I know, I know — what do motorcycles have to do with productivity? Bear with me for a moment.
This morning I am beholden to my iGoogle gadget for Mother Earth News. Mother Earth News ran a press release for the American Motorcycle Association on why “Every day is Earth Day on a motorcycle.” It was about how good it is for the environment to ride a motorcycle rather than use a car.
It reminded me of something I’ve often used as an example of how connections between experiences and behaviors can be unexpected and “offbeat.” I used to tell a story about that to my students in a class I taught in “Psychology of Learning.”
Most of your learning is by association. That is, you learn and remember new things best by being able to compare them with something you already know. We even have common expressions with associations built in. You might say “His face lit up,” to describe the appearance of someone who gets a feeling of happiness and it shows in his face as if a light were shining from within.
Associations are emotional as well as intellectual. When you make mental comparisons to help yourself remember, there are feelings that go with whatever you’re making the comparison to. If you meet someone you find to be similar to an old friend, you attach some of the positive feelings to the new person. You are prepared to like him because he reminds you of the friend.
An expansion of that is associating experiences that happen close together in time. Forgive the over-used comparison, but the ultimate example is Pavlov’s dogs associating food with the sound of a bell.
So, starting to tie all that together with motorcycles and productivity, let me tell you a short story.
This is the story I used to tell my students. When I was young, I had a day job and went to school at night. I didn’t have much money to spare for a car, and public transportation left much to be desired. But I could afford a motorcycle. It was inexpensive to purchase and run. Gas mileage was wonderful, and I could save parking expenses by sharing one spot with other cyclists. It made getting to work and to school a great deal easier and more efficient.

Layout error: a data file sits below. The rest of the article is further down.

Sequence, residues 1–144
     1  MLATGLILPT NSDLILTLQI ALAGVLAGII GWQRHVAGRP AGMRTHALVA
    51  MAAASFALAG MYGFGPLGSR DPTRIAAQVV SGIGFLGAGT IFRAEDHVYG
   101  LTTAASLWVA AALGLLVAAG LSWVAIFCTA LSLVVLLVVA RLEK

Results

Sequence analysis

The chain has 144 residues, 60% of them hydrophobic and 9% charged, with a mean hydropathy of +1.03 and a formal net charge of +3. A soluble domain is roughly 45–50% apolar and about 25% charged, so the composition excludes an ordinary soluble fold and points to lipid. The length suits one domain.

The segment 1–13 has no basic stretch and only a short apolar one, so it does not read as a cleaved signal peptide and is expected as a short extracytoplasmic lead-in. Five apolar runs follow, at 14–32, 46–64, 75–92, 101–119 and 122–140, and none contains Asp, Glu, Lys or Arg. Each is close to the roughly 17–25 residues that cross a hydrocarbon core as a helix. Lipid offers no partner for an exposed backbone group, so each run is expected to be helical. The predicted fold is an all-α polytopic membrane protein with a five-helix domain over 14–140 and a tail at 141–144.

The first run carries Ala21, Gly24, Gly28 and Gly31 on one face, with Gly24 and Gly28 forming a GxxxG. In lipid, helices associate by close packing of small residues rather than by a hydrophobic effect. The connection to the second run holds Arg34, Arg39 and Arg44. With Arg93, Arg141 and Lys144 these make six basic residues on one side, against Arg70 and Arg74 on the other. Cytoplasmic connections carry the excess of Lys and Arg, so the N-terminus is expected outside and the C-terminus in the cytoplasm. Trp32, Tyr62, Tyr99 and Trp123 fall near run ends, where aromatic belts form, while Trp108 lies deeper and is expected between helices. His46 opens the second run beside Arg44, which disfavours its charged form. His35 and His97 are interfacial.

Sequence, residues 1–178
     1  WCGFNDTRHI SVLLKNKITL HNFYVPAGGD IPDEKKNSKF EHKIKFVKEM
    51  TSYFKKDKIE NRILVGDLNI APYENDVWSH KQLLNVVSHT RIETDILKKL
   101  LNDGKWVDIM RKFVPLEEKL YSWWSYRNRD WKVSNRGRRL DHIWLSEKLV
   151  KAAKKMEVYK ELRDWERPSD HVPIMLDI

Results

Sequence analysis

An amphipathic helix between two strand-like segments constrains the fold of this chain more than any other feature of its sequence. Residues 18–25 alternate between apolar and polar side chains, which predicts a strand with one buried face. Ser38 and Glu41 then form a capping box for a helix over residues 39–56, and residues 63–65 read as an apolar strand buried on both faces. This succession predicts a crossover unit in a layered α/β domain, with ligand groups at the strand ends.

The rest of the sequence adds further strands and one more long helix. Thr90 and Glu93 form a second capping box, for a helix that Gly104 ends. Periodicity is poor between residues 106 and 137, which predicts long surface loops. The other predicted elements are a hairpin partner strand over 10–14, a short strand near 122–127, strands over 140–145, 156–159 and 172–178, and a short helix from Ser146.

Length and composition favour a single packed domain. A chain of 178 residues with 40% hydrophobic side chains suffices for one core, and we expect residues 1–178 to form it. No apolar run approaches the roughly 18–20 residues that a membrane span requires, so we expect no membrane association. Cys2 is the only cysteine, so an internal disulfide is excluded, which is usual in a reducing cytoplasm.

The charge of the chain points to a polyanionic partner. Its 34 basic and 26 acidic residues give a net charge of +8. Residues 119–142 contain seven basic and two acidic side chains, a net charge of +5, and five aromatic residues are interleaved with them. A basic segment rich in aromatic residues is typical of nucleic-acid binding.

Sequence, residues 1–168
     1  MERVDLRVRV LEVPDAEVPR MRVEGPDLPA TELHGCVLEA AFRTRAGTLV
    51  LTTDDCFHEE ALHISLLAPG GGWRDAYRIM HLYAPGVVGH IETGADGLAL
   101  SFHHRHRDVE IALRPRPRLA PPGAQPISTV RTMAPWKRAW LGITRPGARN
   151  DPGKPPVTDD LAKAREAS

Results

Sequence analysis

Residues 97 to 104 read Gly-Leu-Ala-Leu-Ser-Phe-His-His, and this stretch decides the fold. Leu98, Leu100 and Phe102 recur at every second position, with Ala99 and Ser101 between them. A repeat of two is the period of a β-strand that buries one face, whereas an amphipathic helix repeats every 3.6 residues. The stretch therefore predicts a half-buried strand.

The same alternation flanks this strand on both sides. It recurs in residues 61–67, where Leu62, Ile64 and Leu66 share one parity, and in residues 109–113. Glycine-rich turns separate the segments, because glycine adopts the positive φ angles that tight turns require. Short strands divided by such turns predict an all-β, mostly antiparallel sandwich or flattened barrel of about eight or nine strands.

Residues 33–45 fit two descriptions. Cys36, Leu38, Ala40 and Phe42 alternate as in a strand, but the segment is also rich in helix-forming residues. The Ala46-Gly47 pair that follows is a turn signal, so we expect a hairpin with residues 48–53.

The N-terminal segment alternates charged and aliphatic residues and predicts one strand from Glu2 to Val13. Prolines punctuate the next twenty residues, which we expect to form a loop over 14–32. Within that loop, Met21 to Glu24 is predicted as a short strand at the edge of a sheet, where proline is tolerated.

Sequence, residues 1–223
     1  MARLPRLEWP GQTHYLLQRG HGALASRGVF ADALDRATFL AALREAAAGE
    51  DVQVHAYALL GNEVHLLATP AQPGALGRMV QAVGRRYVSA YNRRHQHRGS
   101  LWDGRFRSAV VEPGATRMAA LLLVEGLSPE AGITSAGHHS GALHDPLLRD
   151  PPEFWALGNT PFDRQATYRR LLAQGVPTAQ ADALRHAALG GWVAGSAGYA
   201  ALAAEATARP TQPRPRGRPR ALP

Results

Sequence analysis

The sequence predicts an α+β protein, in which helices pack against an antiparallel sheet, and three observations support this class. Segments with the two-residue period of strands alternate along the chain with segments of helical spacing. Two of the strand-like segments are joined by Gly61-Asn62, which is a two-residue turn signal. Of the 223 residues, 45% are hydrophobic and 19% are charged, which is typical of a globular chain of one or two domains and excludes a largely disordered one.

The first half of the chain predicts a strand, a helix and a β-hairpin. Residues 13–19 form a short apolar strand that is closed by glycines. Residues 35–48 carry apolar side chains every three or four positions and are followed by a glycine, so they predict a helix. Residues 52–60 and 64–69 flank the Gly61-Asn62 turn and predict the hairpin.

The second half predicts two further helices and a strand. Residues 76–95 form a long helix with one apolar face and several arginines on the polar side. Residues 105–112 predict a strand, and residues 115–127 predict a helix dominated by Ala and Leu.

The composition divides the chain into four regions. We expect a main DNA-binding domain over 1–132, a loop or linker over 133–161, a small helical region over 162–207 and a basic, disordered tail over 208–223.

However, it had a wondrous side effect that I hadn’t anticipated, since I’d never ridden one before I bought my own. Riding a motorcycle is an amazing experience. It is what I imagine it would feel like to be able to fly. That is, to fly personally, rather than to fly an airplane. Image that you could lift yourself — by willpower — a few feet off the ground and fly like Superman, albeit flying low. It is one of the feelings of freedom.
Riding that bike gave me such a feeling of freedom and power that it spilled over into my job. I’d ride to work and feel ready to tackle whatever came next. My performance and productivity rose. I feel more stimulated in my work and my studies. Just because I arrived at the locations of my work or studies by “flying.”
The work hadn’t changed. The studies hadn’t changed. But the association of the work and the studies with freedom and power had changed my attitudes toward the work and studies.
Remember how I began this article? I started by saying that something I happened to read about motorcycles reminded me of an experience. Like Pavlov’s dogs and the bell, I associate motorcycles with feelings freedom and power. Feelings of freedom and power lead me to confidence, and unstressed motivation to perform and produce.
What do you do that makes you feel that good? How can you incorporate that into your work day to associate those good feelings with your job? What other “good feeling” associations can you bring into problem situations to lower your stress and resolve your difficulties quickly?